Life is a circle; there is an alpha and an omega, a beginning and an end for all of us. Throughout our lifetime our parents have guided and directed us to the best of their abilities. As our parents move through their life circle, many of us find we are now parenting our parents. The challenge is to do so while continuing to respect their dignity, capacity, and control.
This fragile balance can shift suddenly with a change in health, mobility, or capacity. Are you prepared?
My Dad does the driving for errands and appointments. Recently he had a hip replacement so no more driving! Mom is comfortable driving short distances but not outings for a myriad of doctors’ appointments or errands further away from home. This is a game changer for the family and caused one of those ‘family discussions’.
I am grateful that my parents had the courage to open up about changing circumstances and the types of provisions and care they feel they need to allow them to continue their lifestyle and living at home. Finding a short-term solution for their driving needs was relatively easy but understanding how crucial the designation of care will be on an ongoing basis also became a concern.
One of the things needing updating was my parents’ Power of Attorney (POA) created before the 1995 change in Ontario legislation delineating two kinds of POA’s. A Continuing Power of Attorney for Property (CPOA) allows the appointee to manage properties and financial affairs on behalf of the individual. The Power of Attorney for Personal Care (POAPC) covers the specifics of personal care including housing, medical treatment and intervention. These POA documents give someone else the right to act on their behalf and make decisions when they no longer have the capacity. This is certainly the stage at which one should ensure that someone other than your parents are appointed to act as POA for the other parent, as life is unpredictable at best and you don’t want to wrangle with this in front of a judge if they too become incapacitated!
It is also imperative to have a Will and POA properly drafted and witnessed. These important documents are best prepared by a lawyer specializing in wills and estate planning.
Going back to the discussion with my parents, a more difficult part was the review of the preplanned and prepaid funeral arrangements my parents had set up a number of years ago. A tricky subject when they are very much compos mentis and you don’t maybe want to talk about their demise. However, this review allowed all of us an understanding of exactly how they wanted their life celebrated in the end. I thank them for this and will do the same myself!
A year or so ago, one of the best visits I had with my parents was spending time “going through the drawer.” The file drawer contains their investments, insurance, banking and legal documents. We were able to get through most of the files during that afternoon. It was a relief to know what they had, where it was, what they wanted done, and what benefits would continue for the surviving spouse. We identified some gaps and overlaps and were able to implement the necessary steps to consolidate banking, investments and cancel redundant credit and affinity cards. It was particularly important to double check the beneficiary designation on these various documents otherwise these funds would be paid out to the estate with income tax implications.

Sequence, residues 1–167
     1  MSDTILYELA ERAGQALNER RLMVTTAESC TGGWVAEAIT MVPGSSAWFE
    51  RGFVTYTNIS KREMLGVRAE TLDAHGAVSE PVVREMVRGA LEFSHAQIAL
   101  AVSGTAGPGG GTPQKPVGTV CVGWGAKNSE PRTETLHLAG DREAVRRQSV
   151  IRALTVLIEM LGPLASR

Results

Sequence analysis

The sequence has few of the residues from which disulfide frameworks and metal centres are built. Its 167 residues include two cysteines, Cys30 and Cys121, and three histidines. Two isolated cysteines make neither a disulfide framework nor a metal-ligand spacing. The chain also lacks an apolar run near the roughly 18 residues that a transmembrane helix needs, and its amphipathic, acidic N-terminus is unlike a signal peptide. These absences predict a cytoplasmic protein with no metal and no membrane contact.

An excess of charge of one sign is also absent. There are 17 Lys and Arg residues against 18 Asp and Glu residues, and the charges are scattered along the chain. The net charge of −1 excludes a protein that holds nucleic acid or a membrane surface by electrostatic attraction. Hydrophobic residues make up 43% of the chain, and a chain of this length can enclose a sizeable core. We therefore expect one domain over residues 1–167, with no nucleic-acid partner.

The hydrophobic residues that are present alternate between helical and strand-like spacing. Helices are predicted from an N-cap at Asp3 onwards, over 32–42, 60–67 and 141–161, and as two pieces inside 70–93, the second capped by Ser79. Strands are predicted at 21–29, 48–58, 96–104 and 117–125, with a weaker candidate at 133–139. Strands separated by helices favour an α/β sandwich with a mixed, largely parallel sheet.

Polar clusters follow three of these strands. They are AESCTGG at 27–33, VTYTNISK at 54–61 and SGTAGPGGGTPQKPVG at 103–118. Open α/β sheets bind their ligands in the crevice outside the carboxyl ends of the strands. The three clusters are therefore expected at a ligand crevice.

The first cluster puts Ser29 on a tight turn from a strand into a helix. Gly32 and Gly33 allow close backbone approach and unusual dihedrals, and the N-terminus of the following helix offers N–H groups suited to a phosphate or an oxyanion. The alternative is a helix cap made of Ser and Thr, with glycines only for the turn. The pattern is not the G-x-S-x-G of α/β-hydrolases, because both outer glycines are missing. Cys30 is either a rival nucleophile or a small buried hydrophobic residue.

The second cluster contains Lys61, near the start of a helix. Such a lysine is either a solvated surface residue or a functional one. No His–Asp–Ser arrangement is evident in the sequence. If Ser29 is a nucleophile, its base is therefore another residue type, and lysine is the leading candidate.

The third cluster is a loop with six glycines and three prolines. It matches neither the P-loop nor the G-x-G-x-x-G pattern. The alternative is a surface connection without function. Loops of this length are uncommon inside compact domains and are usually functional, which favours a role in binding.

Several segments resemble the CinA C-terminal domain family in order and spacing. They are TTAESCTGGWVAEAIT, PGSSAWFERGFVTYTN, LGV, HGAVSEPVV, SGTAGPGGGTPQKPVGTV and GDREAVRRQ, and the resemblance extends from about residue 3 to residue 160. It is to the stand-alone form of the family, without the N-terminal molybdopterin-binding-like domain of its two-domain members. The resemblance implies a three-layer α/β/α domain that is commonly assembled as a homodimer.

As my generation finds themselves sandwiched between getting their own adult children fully independent and out the door (really?) and finally have the home and time for themselves again, those dear ol’ parents need some tender lovin’. So a few tips will help you survive the “moments” and keep the optimism in your heart and the lilt in your step.
If you are finding yourself moving into the role of assisting your parents, there are a few important items that can be organized ahead of time:
Valid current Will covering the distribution of property
Continuing Power of Attorney for Property and Power of Attorney for Personal Care
A “living will” or “advance directive” – separate from or as part of your Power of Attorney
Beneficiary designation on financial documents
Simplified banking and investments to reduce future tax implications
Identification of items for pre-gifting so family and close friends can enjoy them in your lifetime
Prearranged and prepaid funeral arrangements
With a bit of family dialogue you will have the peace of mind knowing that you have organized things to the best of your ability. You will be less likely to spend time worrying about the: would haves’, should haves’, or could haves’. All any of us have is “right now” – that’s why it’s called the present.
If you are not sure where to start or what documents are important to organize ahead of time, I invite you to review the Executor’s Companion Kit. I’d also love your feedback. And don’t forget to leave a link back to your own blog as well using the commentluv feature here on the site.